Facebook and Google are violating the new General Data Protection Regulation, says net activist Max Schrems. He is calling for fines in the billions.
Austrian Max Schrems is confident that this time, too, he can force the big Internet corporations to provide more data protection Photo: dpa
The European General Data Protection Regulation (GDPR) has been in effect since Friday after a two-year transition period. Only a few hours after the rules, which are supposed to give Internet users more sovereignty over their data, came into force, the association Noyb, founded by lawyer and net activist Max Schrems, filed its first complaints against Google and Facebook as well as its services Instagram and WhatsApp. The would violate the GDPR with "forced consents," according to the association’s assessment.
Noyb turned to four supervisory authorities: in France, Belgium, Vienna and Hamburg. "Facebook even blocked accounts of users who did not give consent. Users ended up having a choice: delete the account or press the button. That is simply extortion," Schrems said.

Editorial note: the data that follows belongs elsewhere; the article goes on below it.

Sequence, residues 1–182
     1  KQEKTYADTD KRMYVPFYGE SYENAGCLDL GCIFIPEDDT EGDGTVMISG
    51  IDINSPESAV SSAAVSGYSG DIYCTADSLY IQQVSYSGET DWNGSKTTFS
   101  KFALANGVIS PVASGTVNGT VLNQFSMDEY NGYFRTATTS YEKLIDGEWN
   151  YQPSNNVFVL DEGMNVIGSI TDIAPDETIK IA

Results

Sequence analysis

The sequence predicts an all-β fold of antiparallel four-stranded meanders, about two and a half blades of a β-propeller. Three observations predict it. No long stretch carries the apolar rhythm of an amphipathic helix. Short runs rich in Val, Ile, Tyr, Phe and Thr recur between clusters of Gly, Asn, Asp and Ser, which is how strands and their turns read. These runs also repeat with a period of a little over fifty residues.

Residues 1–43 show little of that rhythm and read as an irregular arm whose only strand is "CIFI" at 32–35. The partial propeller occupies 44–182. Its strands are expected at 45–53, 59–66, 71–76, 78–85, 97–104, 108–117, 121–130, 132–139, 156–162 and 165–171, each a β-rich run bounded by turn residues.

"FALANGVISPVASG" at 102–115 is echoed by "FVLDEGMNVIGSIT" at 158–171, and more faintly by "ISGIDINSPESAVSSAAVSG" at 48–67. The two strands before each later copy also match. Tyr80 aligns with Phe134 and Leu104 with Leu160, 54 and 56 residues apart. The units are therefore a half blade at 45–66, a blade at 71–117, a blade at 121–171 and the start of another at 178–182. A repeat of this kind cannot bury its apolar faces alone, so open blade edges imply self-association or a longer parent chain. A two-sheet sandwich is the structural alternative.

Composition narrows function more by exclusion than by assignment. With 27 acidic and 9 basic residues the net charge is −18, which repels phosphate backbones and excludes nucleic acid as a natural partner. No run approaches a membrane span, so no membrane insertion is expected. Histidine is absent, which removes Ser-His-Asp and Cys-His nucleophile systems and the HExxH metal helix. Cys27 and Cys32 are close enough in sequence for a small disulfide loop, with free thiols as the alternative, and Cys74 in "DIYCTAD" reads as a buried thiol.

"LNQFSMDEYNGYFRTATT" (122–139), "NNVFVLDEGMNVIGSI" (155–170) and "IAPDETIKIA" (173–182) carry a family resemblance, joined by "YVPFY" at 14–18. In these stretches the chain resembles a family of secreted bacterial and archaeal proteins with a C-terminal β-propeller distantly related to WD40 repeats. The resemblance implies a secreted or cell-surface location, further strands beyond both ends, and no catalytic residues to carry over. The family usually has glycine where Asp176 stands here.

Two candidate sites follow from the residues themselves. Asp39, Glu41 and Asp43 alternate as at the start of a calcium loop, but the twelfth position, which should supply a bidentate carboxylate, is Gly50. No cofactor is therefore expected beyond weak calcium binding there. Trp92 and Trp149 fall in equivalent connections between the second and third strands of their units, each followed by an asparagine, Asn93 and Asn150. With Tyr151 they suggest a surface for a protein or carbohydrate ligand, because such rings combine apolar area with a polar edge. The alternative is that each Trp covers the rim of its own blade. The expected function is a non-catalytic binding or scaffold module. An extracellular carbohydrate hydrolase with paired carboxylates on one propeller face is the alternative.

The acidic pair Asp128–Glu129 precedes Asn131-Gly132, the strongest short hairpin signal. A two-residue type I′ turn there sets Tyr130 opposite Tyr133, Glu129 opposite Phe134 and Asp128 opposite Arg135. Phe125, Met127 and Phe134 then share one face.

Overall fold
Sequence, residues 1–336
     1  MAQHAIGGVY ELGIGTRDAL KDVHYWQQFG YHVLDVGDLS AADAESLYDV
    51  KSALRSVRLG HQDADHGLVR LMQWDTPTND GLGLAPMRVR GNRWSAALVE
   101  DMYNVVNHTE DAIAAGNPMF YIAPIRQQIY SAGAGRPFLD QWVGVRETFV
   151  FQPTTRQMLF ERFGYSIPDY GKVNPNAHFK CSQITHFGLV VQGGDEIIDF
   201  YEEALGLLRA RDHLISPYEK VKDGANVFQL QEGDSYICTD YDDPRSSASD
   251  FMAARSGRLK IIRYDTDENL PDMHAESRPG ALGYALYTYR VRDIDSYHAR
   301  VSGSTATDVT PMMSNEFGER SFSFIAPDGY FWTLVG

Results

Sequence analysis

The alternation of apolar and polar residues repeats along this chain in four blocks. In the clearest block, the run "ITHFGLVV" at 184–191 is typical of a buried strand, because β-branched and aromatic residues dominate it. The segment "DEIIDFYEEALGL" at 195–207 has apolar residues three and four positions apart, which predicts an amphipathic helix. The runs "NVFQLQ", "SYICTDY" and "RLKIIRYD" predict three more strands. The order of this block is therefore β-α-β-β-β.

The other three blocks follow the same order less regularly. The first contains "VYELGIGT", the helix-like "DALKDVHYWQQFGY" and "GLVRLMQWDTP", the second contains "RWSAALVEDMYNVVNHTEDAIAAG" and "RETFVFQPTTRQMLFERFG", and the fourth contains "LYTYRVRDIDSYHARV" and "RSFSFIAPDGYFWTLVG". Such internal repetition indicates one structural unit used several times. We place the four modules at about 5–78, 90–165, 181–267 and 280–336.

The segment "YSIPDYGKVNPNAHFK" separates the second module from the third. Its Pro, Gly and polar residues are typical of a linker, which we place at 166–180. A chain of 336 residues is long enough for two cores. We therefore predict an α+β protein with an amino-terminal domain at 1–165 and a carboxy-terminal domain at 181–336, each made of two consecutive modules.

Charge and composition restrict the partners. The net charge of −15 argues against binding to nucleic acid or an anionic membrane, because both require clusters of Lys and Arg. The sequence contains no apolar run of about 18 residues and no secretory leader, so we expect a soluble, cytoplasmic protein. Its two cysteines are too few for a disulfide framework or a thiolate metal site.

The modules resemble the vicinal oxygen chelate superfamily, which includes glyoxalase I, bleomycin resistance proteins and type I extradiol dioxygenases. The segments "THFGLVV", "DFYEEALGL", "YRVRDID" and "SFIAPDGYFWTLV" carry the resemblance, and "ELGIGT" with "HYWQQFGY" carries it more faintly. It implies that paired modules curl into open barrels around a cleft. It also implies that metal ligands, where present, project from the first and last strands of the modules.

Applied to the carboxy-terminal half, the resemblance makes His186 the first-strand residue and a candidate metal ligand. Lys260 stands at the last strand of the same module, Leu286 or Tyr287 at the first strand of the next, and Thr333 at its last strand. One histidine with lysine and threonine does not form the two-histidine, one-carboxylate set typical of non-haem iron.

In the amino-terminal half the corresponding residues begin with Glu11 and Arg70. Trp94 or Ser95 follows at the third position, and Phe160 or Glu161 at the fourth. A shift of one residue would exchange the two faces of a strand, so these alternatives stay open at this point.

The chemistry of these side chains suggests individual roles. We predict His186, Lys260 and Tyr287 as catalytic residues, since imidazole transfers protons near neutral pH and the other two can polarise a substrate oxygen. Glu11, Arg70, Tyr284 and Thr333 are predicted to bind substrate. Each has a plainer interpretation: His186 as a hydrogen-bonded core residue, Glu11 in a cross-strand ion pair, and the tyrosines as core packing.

The GDPR prohibits such coercion of consent and also provides for a so-called tying ban. Accordingly, a provider may not make the use of the service dependent on whether a user gives consent to the use of data. Schrems explains, "It’s simple: for everything that is strictly necessary for a service, you don’t need a consent box. For everything else, the user must be able to freely say yes or no."
The Viennese lawyer has already been successful several times with lawsuits. In 2015, for example, the European Court of Justice overturned the EU’s Safe Harbor agreement on data transfer to the United States.
The new chair of the European Data Protection Board, Andrea Jelinek, confirmed the complaint against Facebook. "We are currently looking into the case," said Jelinek, who is also head of the Austrian data protection authority.
Companies that violate the GDPR face heavy financial penalties in the future – up to 4 percent of their annual global turnover is possible. Accordingly, Nyob puts the penalty range of its complaints at over 7 billion euros. Schrems does not believe that sanctions of this magnitude will be imposed immediately, "but the corporations have intentionally violated the GDPR here, so we also expect a corresponding penalty."